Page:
I’ve always regarded other indie authors as Fellow Travelers or Kindred Spirits. Although our genres and styles may be completely different, we’re still cut from the same cloth. Therefore, I’ve always made it my business to seek out other indies, follow and post on their blogs, Facebook pages, offer reviews and beta reads, and yes offer them a #folloback on #Twitter.

My biggest surprise was the amount of Indie Authors who followed me, waited for me to follow them back, and then they would unfollow. I would say that about 60% of the accounts that I had to unfollow were other Indie Authors. Sad but true. 😦

Disappointing Results

A while ago, I wrote a post called The Blog, The Tweet, and The Facebook Page. That post was inspired by my WordPress stats. I discovered that other blogs created the most traffic into mine, followed by Facebook*, search engines, Google +, and way last was…Twitter.

*Facebook has now taken over the top slot

Most social media gurus say that Twitter is a necessary component of an indie author’s social media platform. But I have to face a dose of reality, Twitter has not been a major generator of sales and blog traffic. I believe it serves as a double exposure.

Most people have Facebook and Twitter accounts, therefore, they may see you there and then see your name pop up elsewhere. That second exposure is what may prompt a click, and that’s the only purpose that Twitter can serve. I track my links through Bitly, therefore I can see exactly how many clicks a link receives. To be honest, it’s not that great. I don’t spam or make an annoyance out of myself. I basically tweet about new blog posts, the occasional ad for Ragged Souls, or contribute to a discussion.

Keep It Anyway

I don’t plan on cancelling my Twitter account, nor would I suggest that course of action to anyone. I recently read a great post by Kristin Lamb about the nature of books in the digital age. There are quite a few gems of wisdom within her words. My favorite eye-opener to indie authors within that particular blog post was, “Our greatest enemy is obscurity.”

Never were truer words spoken. Therefore, I’ll keep trying to tweak my tweets as best as I can, and hope for the best.

Ragged SoulsBlog

***Put Ragged Souls on your Kindle***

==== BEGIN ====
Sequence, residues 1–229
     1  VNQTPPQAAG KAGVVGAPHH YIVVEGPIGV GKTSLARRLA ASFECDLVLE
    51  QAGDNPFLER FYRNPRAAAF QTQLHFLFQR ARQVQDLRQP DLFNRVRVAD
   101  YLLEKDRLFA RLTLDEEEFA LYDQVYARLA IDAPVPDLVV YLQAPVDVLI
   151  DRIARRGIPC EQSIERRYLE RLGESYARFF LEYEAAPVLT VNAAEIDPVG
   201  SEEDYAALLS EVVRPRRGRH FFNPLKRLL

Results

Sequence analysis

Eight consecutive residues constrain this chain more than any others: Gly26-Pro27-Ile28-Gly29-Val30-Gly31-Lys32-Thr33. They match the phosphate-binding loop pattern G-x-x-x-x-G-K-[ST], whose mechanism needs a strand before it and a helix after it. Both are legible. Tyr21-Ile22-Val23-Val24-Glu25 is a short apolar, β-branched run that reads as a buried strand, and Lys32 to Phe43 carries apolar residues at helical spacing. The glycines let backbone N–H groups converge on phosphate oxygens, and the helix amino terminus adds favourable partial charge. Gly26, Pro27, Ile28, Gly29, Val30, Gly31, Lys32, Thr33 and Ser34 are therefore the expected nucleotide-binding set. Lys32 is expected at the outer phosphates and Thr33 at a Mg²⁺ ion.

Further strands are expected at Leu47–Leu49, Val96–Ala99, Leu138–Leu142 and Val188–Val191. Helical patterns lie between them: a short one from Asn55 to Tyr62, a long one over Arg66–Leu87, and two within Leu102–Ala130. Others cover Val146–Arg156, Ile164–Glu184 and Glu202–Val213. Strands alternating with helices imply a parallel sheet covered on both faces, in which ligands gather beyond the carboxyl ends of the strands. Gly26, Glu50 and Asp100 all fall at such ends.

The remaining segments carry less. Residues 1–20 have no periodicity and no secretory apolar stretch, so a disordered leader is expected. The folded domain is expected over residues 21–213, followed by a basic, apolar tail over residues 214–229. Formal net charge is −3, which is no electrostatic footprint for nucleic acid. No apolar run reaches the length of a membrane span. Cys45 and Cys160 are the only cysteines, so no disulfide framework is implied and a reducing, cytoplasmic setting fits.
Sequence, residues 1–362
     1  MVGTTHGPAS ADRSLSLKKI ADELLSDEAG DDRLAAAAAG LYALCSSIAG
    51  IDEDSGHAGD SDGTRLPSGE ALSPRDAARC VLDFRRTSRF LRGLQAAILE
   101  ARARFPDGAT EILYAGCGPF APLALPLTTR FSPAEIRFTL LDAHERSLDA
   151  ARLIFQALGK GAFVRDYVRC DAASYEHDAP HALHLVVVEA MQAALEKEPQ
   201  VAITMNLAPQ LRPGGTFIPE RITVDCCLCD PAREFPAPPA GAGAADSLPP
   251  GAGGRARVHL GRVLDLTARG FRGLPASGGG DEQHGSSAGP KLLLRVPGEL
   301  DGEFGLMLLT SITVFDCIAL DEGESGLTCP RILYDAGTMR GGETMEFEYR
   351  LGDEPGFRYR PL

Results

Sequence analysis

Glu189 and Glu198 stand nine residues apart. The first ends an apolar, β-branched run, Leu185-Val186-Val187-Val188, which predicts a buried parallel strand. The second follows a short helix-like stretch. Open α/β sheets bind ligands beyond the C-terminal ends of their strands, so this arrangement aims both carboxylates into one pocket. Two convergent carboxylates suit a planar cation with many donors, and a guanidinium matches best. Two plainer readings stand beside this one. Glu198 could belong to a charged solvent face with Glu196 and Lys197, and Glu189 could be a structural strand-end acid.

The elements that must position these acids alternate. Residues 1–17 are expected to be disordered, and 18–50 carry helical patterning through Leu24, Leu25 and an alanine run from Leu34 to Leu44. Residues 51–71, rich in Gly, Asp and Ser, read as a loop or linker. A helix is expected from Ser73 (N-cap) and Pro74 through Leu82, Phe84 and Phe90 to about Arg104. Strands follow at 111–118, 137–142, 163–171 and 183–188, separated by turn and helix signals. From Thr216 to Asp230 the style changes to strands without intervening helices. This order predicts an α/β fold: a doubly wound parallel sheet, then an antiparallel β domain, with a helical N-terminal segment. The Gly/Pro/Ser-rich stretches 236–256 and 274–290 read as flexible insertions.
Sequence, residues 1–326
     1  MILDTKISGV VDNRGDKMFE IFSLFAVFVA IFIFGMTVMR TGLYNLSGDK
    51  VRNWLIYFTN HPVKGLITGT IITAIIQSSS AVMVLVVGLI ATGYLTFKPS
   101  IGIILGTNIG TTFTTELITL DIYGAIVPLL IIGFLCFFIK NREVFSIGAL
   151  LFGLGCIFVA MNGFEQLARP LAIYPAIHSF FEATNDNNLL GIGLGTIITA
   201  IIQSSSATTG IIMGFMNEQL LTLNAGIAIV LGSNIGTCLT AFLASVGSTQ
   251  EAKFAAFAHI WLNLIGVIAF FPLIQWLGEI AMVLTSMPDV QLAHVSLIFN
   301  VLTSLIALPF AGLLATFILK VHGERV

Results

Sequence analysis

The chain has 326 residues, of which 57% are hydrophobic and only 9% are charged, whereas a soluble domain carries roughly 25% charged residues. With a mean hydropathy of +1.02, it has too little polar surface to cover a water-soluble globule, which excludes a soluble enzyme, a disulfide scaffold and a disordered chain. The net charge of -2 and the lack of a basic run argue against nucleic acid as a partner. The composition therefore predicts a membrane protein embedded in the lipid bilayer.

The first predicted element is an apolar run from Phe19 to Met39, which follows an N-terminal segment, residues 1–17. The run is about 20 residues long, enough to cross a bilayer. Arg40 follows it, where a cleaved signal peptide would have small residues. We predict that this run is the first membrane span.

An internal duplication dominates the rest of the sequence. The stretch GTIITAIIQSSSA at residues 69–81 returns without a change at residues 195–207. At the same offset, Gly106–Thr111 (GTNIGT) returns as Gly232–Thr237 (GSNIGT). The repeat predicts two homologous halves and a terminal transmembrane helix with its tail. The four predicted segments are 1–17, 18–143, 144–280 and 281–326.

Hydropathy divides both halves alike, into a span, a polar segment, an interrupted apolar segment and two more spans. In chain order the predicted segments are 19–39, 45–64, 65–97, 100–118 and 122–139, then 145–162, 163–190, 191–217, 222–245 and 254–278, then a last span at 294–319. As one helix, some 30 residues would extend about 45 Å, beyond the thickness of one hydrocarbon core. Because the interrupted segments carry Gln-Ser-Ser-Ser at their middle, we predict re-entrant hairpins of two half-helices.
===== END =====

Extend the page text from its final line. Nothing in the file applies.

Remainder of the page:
How About you?

If you’ve been successful with Twitter, please enlighten me (and some others). Do you see activity and clicks based upon your Tweets?

***I want to know when the new short story Night Flights is released***

Synchronicity in Surreal Advertising

I just read a blog post by Kristin Lamb that calls for an end of spam advertising by Indie authors. I’m sure you’ve experienced this phenomenon on #Facebook and #Twitter. She says that we should start partaking in a new form of marketing and promotion called “Padvertising.” Since most readers are women, it should come as no surprise that Padvertising means to promote your book on panty liners.

Despite the humorous and Monty Python-esque nature of the idea, reading it brought back a memory.

You can’t see me typing away on my keyboard, but I have placed a hand on the Bible and promise to tell the whole truth.

Urinal1

Photo by Andre Chinn Used under CC License

One day in January 2001 I was waiting for my girlfriend to arrive at Penn Station in NYC. She was a total nympho and I was eagerly anticipating a week of debauchery with her (see, I promised to tell the truth). While waiting for her train to arrive, and after two or three cups of coffee, I needed to relieve the old bladder.

I went into the men’s room and approached the urinal, and boy was I surprised at what I saw. On the plastic screen inside the urinal was an advertisement. I do not remember the name of the investment firm or the phone number, but I do remember the rest of the ad.

“Stop pissing your money away! Call Johnson Investments (212) 555-1234”

There I was, chuckling and snorting while standing at a urinal in a public men’s room. Luckily nobody punched me. Thanks, Kristin, for helping me to dredge up this memory.

So what’s the most oddball / comical form of advertising that you’ve ever seen?

WordPress Stats: Seeing is Believing